The evolution of the High Street and the boom in Ecommerce has had a significant impact on our infrastructure. As a result, the logistics industry in the UK is now facing a new crisis; a lack of modern and fit-for-purpose warehousing space to manage supply and demand.
The fact of the matter is that retail has truly embraced digital – it’s now being fuelled by it, but almost to its detriment. Consumer demands and expectations have grown to such levels that free, one day delivery is now the norm, and this in itself is influencing how consumers choose to interact with brick-and-mortar stores. Instead of their traditional store-front role, they are now being used as customer service hubs, thereby shifting the stock balance back to warehousing, as retailers are simply not shifting the units they used to in-store.
To accommodate this change, retailers are snapping up every inch of square footage available, so they can meet e-tail demand. But this means they are under pressure to rethink their warehouse and logistics strategies, not only to meet the ever-growing demands of online shoppers but also to remain profitable. Below are some of the ways in which strategies are being adapted:
The rise of the 3PL
The need to contain costs had led to many retailers using Third Party Logistics (3PLs) to manage all or parts of their supply chain processes, as sharing space is far more cost effective. As well as providing rent-savings, using 3PLs to help support customer service, delivery and returns can also provide efficiency enhancements, as operations and networks are already refined and in place; thereby freeing up internal capacity.
Delivery direct from suppliers
An alternative to deploying large warehousing operations is utilising just-in-time stock management which mitigates cost and availability issues. JIT can help cut down the amount of stock held (and therefore the need for space) but is itself a risky approach. Problems like unmet orders become more common with no stock buffers to fall back, or unpredicted peaks in demand, which will have knock-on effects and in turn lead to additional costs.
Hyperlocal for added convenience
Part of the growth of Ecommerce has been driven by delivery and logistics, as faster and faster delivery times have been a way to win custom. This trend is already leading to the appearance of hyper-local warehouses. As consumers increasingly turn their backs on brick-and-mortar retail, high street stores will continue to close down – leaving room for small, local warehouses and distribution centres to appear in their place. In addition to being a storage space for extra stock, hyper-local warehouses allow stock to be situated within close proximity to the end-user. This means delivery can take place in record time, and retailers can better satisfy their customers by meeting their demands for next and same-day delivery. Hyper-local warehouses can also allow a more seamless experience to be offered to the consumer. For example, those who don’t want to wait in for a parcel could use this space to click-and-collect their order, at no extra cost to the supply chain, or it could double as a customer service hub.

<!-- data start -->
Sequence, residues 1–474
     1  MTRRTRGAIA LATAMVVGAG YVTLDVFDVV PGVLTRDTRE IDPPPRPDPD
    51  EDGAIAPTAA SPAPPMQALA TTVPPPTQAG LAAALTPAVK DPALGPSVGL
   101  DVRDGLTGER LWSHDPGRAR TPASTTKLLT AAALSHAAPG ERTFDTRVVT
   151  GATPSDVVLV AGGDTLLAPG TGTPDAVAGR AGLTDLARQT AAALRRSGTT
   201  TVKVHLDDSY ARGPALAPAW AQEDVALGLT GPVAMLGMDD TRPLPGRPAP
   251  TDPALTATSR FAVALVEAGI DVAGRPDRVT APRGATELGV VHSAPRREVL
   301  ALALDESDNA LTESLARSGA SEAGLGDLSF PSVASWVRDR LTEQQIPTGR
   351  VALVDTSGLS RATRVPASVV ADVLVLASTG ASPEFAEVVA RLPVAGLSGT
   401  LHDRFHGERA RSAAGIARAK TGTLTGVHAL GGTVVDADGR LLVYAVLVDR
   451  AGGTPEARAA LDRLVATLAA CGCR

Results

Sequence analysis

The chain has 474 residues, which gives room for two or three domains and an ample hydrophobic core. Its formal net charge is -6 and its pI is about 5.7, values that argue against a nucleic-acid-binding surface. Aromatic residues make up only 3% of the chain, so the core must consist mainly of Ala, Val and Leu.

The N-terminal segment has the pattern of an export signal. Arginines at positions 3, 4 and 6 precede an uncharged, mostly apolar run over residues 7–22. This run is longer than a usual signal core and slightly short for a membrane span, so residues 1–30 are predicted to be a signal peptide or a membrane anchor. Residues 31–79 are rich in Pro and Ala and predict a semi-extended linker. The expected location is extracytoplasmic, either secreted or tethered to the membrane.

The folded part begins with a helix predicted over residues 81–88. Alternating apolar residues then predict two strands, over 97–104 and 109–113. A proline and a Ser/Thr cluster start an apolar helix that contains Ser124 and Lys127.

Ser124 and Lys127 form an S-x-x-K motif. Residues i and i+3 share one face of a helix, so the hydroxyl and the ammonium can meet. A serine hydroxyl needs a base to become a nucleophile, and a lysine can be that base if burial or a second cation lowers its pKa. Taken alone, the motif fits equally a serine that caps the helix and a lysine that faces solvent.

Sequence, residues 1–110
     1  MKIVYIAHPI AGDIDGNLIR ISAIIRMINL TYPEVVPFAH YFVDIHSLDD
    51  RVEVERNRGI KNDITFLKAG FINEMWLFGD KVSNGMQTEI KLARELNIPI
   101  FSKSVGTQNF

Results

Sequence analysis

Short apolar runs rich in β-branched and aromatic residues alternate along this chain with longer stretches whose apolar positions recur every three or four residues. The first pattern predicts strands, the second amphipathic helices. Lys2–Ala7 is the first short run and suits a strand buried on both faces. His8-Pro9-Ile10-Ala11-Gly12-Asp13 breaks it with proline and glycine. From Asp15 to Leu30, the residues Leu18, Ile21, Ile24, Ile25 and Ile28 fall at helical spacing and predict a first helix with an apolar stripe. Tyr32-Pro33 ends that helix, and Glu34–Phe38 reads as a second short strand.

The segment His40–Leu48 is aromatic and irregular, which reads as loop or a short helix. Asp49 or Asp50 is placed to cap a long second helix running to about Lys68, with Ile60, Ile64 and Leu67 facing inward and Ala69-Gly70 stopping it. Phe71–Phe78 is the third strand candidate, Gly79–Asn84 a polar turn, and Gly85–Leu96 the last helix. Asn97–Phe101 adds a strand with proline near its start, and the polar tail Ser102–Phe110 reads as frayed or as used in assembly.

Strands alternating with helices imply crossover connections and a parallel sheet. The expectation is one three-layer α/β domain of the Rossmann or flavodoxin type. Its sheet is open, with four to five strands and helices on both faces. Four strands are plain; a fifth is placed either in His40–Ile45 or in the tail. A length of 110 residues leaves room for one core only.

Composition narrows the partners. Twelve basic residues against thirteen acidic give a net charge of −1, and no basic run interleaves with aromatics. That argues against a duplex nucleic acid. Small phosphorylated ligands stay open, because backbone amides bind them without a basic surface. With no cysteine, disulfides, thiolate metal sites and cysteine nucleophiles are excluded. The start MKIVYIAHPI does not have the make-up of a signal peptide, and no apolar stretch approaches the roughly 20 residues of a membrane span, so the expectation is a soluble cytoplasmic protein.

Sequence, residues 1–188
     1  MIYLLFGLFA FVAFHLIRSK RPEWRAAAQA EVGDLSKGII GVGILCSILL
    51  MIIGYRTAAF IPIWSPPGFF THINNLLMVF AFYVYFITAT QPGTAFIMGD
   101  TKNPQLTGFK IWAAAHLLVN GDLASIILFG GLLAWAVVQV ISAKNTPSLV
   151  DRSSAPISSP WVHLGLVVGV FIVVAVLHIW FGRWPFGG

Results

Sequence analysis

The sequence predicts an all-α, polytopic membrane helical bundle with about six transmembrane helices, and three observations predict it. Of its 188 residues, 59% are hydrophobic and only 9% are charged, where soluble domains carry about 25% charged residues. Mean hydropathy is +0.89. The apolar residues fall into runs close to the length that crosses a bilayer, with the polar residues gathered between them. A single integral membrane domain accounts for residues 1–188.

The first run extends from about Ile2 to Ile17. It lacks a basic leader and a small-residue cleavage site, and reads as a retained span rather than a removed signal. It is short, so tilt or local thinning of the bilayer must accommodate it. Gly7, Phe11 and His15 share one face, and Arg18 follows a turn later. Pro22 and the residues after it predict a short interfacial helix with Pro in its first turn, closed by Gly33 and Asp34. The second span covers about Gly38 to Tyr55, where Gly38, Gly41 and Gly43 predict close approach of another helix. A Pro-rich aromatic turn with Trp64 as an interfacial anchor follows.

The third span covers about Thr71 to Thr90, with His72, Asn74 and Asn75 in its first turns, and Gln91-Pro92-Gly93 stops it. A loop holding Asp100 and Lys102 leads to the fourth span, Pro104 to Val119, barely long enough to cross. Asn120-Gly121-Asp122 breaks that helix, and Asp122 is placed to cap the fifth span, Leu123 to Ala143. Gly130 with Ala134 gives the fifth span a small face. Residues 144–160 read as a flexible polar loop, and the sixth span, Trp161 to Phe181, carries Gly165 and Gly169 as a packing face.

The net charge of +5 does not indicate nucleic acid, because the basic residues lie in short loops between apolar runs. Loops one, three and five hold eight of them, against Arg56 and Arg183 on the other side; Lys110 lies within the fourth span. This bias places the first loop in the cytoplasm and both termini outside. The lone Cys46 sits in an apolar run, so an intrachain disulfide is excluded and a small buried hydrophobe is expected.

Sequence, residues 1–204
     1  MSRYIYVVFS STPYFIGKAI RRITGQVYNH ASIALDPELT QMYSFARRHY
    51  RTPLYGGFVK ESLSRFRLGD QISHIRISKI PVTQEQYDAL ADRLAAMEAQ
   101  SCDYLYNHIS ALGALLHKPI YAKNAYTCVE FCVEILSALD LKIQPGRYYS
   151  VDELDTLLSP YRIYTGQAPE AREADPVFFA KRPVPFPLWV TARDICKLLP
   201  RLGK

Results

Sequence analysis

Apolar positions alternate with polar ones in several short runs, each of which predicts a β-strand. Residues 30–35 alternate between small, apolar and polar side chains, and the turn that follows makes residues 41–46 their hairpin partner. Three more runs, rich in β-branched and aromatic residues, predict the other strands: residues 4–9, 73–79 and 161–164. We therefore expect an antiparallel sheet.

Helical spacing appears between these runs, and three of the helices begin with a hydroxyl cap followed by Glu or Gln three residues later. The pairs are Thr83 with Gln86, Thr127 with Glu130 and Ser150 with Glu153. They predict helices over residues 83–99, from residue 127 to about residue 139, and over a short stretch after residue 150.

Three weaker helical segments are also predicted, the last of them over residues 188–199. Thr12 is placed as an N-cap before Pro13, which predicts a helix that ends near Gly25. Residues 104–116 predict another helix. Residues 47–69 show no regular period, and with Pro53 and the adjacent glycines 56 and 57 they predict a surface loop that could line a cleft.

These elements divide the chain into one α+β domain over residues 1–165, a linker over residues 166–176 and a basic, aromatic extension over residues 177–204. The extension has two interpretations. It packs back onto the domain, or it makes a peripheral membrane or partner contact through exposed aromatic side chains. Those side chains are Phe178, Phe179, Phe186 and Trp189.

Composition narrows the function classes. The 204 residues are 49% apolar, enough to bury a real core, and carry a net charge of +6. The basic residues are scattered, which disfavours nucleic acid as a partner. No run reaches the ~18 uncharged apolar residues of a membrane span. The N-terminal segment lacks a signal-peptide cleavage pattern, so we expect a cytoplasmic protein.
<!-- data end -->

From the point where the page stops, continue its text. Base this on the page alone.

Integrated warehouse management
While the front end of the retail experience is where many brands put their efforts, an integrated warehouse management system is vital in tying operations together. As retailers’ multi-channel operations become more complex and challenging to manage, problems with stock can manifest in customer delivery shortfalls. For those scaling up their digital operations, without the right warehouse and logistics operations in place, they are unable to manage inventory and delivery, and run into issues that Asos recently encountered. Having a real-time view of product availability will prevent disappointment and poor customer reviews, leading to a better retail experience and increased likelihood of customer retention – tying the whole process together.
In a world where digital is king, retailers and their logistics partners must adjust the way they use their warehouse according to price and efficiency demands. This means the supply chain may be forced to adapt – such as through the use of 3PLs. The evolution of the warehouse can enable faster delivery, and tie the back and front-end together by providing another touchpoint with the customer through cost-free click-and-collect opportunities – saving time, money and increasing engagement with the end-user. So, in this cost-conscious era, is it time that retailers readdress how they view the warehouse, and move away from simply using it as somewhere to store stock?
By Mel Tymm, Industry Principal, Maginus
Mel Tymm is Industry Principal for Order Management at Maginus. Based in Manchester, she is responsible for all pre-sale activity, as well as acting as the firm’s resident expert on Order Management. She has over 15 years’ experience in customer facing roles in the multi-channel retail and distribution sector, and is experienced in the full software implementation lifecycle from pre-sales to go-live. Mel has a proven track record in successful project implementation and management, and has developed successful methodologies for pre-sales management in the multi-channel software environment to ensure that the prospect’s requirements are fully understood and met by the software solutions.